“Can I open them now?” I asked, slightly impatient and irritated, more from fear of disappointing her by my reaction than anything else.

“Sure,” she replied. I could hear her smiling through her words.

I opened my eyes slowly, and looked down at my cupped palms – it was a Nintendo 64 Donkey Kong game cartridge. It was several seconds before I could shake my gaze away; a shiver ran down my spine as I looked her in the eye and tried to make her understand what was going through me, because, for once, I had no words.

My mind flashed back to the days my friends and I used to play Donkey Kong on the Nintendo 64 gaming console. I was eight or nine years old, at most, and Donkey Kong used to feature heavily in our after-school get-togethers. It reminded me of a time of happiness in my life, a time I wished I had gradually grown out of, instead of being plucked from in the sort of rude awakening life tends to dole out at one point or another. The days after that had been difficult to get through – hours and days and weeks and months and years of loneliness and tear-stained pillows, bad grades and self-doubt. It was only much later that I’d managed to get it together again and grow strong enough to go out and get the things I knew were waiting for me – one of them being her.

I jerked an arm around her and pulled her close in a one-armed hug, not letting go of that piece of my childhood, and buried my head in the crook of her neck. She put her arms around me then, and I knew she was smiling that serene smile of hers. She’d understood.

http://dailypost.wordpress.com/2013/05/21/daily-prompt-bittersweet/

To New Beginnings

The title of my blog, “Wind and Laughter”, is what makes me feel most alive – what makes me me. So I went looking for the perfect place to write an alive-y post, and landed up sitting at my dining table – right smack dab in the middle of the house. (and then wondered for a moment whether that has a deeper meaning, that I feel alive only in the middle of things. Seems highly likely.) Anyway, I wanted this über-happy first post to sort of set this really happy keynote for my blog. So, cliché as it may seem, I settled for writing about beginnings.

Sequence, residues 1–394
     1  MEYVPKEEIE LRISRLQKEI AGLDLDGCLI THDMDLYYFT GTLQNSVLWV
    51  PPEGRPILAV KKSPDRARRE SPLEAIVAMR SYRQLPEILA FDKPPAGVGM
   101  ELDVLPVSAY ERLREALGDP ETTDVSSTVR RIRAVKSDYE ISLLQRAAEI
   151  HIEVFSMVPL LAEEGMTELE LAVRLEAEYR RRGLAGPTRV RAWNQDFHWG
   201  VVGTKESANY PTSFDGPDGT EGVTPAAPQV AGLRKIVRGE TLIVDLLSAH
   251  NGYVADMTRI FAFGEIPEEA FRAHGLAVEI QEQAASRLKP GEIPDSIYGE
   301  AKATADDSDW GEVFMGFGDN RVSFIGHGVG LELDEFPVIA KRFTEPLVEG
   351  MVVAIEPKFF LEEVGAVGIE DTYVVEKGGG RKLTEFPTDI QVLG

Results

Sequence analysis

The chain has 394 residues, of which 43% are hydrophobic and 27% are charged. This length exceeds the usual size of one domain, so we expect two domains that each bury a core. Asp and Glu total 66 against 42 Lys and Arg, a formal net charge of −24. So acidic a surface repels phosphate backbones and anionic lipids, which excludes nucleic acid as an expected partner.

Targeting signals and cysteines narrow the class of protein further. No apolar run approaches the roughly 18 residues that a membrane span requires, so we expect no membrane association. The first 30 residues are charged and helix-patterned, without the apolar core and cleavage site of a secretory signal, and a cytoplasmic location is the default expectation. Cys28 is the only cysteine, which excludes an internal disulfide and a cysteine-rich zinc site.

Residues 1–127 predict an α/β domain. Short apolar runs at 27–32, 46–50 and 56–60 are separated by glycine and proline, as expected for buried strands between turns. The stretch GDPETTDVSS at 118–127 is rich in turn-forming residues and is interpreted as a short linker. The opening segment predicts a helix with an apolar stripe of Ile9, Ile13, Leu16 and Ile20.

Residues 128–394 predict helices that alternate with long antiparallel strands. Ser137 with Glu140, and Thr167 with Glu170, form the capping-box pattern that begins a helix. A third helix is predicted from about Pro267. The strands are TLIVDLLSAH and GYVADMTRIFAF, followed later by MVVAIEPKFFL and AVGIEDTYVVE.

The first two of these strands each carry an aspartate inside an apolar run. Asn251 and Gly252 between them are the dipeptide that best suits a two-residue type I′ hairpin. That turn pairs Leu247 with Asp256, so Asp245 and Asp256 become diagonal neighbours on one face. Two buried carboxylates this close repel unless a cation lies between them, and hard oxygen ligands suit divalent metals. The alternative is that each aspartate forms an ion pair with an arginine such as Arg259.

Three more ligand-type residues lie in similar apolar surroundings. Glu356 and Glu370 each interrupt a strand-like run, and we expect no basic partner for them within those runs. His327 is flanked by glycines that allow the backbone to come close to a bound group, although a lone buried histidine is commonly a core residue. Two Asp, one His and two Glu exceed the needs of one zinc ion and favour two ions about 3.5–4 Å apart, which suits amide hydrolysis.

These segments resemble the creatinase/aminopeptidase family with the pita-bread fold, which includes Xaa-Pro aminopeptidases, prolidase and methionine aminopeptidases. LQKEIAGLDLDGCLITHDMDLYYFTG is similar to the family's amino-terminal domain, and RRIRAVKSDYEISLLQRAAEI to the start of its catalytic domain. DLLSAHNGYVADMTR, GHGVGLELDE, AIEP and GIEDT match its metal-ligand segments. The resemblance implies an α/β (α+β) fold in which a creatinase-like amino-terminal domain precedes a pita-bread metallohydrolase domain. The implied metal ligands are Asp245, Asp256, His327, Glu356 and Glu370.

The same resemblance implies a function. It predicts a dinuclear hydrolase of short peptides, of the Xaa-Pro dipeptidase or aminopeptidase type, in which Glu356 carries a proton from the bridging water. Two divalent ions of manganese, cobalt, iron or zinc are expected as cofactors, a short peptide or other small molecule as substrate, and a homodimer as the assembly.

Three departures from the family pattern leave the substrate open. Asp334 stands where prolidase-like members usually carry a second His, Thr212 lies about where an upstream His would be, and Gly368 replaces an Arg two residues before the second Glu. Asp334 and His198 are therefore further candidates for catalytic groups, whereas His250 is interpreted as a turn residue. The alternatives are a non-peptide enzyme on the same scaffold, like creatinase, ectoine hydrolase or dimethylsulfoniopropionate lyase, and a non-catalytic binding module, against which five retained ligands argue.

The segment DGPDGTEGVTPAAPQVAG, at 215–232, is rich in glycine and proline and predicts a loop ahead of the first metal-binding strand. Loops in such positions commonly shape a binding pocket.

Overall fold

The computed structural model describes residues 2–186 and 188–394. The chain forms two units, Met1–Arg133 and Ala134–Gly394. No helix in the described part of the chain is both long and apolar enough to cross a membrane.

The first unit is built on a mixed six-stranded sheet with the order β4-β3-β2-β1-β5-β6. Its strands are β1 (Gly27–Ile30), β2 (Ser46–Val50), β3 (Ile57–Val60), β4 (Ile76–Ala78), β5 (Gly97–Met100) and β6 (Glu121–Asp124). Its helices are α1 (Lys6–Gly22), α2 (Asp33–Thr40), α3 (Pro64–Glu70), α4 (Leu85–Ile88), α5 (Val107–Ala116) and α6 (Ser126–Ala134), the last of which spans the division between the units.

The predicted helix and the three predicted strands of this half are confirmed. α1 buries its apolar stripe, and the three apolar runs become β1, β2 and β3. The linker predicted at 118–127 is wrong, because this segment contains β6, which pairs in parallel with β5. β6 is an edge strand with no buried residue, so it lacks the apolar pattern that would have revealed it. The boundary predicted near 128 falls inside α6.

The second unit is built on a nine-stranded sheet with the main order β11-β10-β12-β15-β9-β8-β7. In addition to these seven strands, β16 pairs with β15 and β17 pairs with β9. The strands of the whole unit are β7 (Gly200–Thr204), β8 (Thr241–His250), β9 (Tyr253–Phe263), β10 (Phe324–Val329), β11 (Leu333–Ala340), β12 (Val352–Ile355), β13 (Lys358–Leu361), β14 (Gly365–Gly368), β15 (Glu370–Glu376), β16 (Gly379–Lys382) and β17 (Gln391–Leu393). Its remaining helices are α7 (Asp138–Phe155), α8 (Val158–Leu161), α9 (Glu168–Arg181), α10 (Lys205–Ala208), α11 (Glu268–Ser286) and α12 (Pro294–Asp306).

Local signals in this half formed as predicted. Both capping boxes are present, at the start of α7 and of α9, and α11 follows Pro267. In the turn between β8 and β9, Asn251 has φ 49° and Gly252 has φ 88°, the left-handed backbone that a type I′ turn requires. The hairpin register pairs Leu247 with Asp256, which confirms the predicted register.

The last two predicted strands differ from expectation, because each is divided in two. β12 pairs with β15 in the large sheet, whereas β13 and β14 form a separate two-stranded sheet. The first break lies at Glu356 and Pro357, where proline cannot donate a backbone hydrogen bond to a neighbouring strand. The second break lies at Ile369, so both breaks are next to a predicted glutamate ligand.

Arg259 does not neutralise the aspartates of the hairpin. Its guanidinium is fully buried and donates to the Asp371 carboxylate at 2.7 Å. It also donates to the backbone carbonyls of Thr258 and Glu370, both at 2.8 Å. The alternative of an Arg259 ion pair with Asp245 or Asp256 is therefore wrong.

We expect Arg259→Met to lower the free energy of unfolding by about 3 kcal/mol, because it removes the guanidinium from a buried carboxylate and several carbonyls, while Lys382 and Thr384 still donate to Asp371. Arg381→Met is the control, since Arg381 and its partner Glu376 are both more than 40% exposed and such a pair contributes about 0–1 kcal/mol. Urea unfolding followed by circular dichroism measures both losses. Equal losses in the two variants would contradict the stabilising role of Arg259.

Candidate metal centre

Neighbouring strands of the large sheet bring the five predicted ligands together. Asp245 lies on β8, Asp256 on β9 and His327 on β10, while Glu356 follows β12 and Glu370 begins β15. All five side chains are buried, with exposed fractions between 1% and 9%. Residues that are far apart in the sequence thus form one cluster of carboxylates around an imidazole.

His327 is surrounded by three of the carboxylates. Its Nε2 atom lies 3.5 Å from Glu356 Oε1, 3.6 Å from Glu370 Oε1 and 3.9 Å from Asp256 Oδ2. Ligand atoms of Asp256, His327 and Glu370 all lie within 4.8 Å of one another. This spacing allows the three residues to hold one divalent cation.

I love to write, but, for several years now, I’ve settled for just knowing the fact that I can write. Never really found an outlet. So one day, I was just talking about writing with a friend (who also writes), and we made a sort of pact – each of us would write a blog for atleast the next semester, and, at the end, we would give each friend about 30 different blogs from which to pick out our own. So, me being typically me, I opened an account on tumblr, figment and wordpress…in the space of about a week. Started using the other two actually, then got sidetracked reblogging stuff. Yeah….so anyway, then I decided wordpress was where I’d actually write write, so now here I am. The actual beginning. Of this chapter at least.

Lemony Snicket’s “The Bad Beginning” keeps running through my head relentlessly as I write this (some things just demand to be written down), so I will, to use the phrase, pen one of his quotes down.

“Strange as it may seem, I still hope for the best, even though the best, like an interesting piece of mail, so rarely arrives, and even when it does it can be lost so easily.” 
― Lemony Snicket, The Beatrice Letters

As I write this, I’m smiling to think how much I’ve changed as a person – almost ten years ago,  I opened a diary my best friend at the time had given me with another of Lemony Snicket’s quotes: “The sad truth is that the truth is sad.” Although maybe I give myself too much credit – time and circumstances are probably to thank for soothing old wounds. And for being kind enough to give me enough good to make me see life with bright eyes again.

I want to feel alive again. I want to feel in control and in charge of my life. I want to be happy and help happiness multiply, as overstated an aim as that may be. But I will try. So here’s to new beginnings and happiness. And to life.